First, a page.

What Should You Do If You Develop a Retinal Tear or Detachment?

Most people can go through life without worrying too much about their eye health. Certainly, they may require glasses or contact lenses as they age and may sometimes opt for laser treatment. However, others may not be so lucky and could encounter problems simply due to the actual shape of their eye. What can go wrong in this situation?

Risk Factors

While the shape of a normal eye is slightly oval, some people are born with an eye that is slightly elongated. When this happens, it may eventually cause issues with the tissue that covers the back of the eye, known as the retina. With advancing age, the tissue becomes more vulnerable and will occasionally tear or even detach itself from the rest of the eye. This is a situation that requires relatively prompt action by a surgeon in order to preserve the site.

Watching for Symptoms

Ideally, somebody who is at risk from this situation will receive plenty of advance notice and have been told about the possibilities by their ophthalmologist. They will have been advised to watch out for any of the tell-tale symptoms so that they can get in touch with an expert right away.

What to Watch for

While there is no pain associated with tearing or detachment in themselves, there will nevertheless be visual clues. There may be a sudden onset of floaters with miniature specks or strings drifting across the visual field. Alternatively, the patient may notice a lot of flashing in either one or both eyes, which may be accompanied by blurred vision. Others may see a shadow that appears in the corner of the eye and gradually moves inward.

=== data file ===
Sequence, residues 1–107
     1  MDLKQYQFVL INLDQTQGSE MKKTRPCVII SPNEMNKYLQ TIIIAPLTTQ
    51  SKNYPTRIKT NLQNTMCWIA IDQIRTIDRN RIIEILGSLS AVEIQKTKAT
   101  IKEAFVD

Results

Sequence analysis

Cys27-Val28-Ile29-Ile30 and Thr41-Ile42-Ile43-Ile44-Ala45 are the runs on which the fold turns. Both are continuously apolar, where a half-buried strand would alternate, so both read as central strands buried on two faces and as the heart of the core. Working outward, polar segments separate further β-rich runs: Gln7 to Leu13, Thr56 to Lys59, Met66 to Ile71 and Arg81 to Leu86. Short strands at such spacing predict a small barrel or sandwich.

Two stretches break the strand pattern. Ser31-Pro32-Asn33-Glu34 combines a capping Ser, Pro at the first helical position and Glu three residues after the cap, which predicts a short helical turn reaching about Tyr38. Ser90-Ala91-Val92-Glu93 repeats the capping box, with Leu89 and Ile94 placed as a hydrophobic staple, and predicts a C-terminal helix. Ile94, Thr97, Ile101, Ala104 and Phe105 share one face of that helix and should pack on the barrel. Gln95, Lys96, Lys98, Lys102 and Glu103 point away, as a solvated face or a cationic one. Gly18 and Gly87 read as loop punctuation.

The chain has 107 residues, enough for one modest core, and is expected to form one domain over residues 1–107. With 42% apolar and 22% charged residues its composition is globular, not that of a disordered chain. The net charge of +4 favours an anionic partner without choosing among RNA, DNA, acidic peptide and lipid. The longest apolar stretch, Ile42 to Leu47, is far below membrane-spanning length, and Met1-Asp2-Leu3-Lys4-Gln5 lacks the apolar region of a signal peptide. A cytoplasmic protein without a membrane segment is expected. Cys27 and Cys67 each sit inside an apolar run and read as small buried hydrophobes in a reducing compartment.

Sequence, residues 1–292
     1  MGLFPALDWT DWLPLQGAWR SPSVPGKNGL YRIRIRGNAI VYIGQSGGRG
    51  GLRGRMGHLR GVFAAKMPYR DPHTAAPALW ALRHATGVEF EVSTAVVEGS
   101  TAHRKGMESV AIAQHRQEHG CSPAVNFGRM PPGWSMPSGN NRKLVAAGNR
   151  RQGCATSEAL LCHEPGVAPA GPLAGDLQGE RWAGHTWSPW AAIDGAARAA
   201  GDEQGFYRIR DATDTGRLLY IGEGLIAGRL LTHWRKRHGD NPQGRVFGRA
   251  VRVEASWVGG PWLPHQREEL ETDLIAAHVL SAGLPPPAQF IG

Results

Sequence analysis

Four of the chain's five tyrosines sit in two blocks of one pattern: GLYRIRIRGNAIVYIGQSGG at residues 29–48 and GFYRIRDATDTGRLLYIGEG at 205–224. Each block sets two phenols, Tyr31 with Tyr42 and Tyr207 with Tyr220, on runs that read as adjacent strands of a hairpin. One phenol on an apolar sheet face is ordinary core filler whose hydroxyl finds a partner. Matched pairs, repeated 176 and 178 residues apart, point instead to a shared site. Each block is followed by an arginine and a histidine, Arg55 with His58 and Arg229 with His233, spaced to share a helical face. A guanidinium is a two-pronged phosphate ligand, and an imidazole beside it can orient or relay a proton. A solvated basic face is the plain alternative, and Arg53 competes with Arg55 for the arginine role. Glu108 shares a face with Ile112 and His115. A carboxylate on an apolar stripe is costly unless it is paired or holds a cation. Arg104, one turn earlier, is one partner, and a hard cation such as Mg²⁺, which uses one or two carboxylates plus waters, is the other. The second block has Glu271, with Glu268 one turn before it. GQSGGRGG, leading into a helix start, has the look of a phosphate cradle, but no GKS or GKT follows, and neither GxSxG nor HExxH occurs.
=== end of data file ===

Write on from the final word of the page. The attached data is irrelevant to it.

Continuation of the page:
Should you experience any of these signs, go to an eye specialist as soon as possible. They'll conduct a full retinal examination to see what is going on and will then recommend the appropriate treatment.

Retinal Tear

If the retina has simply torn rather than detached, they may be able to perform laser surgery on an outpatient basis. In this case, a laser beam is directed through the pupil to the area next to the tear to close any gap and stitch the retina to associated tissue.

Retinal Detachment

Detachment requires prompt action, and there are several different ways to approach this. One type of treatment is a gas that is injected into the eye to push the affected area of the retina against the outer wall. Alternatively, a surgeon will need to suture some silicon material to the outer portion of the eye, which can relieve some of the pressure caused by the vitreous.

Dealing with the Condition

If you are at risk of developing a condition like this, it's best to avoid any impact sports where you might incur a blow to the head. It's also good to schedule regular checkups to watch out for any advancing symptoms. Should you encounter any of the mentioned symptoms, act fast, as you may need to schedule surgery in some cases.

Contact a local eye surgery clinic to learn more.

About Me

Deanna's Optometry Blog: Tips and Ideas for Kids and Parents

When you first find out that your little one need glasses, you may think a range of things. I know I have been there, as all of my kids wear glasses. Hi, my name is Gina, and I have helped my kids find glasses that wouldn't break when they were little and glasses that looked cool as they got older. I have also dealt with the transition to contact lenses and countless cases of eye infections. If you have questions on optometry for your kids or want to learn something new, take a look through these posts. I hope you enjoy them.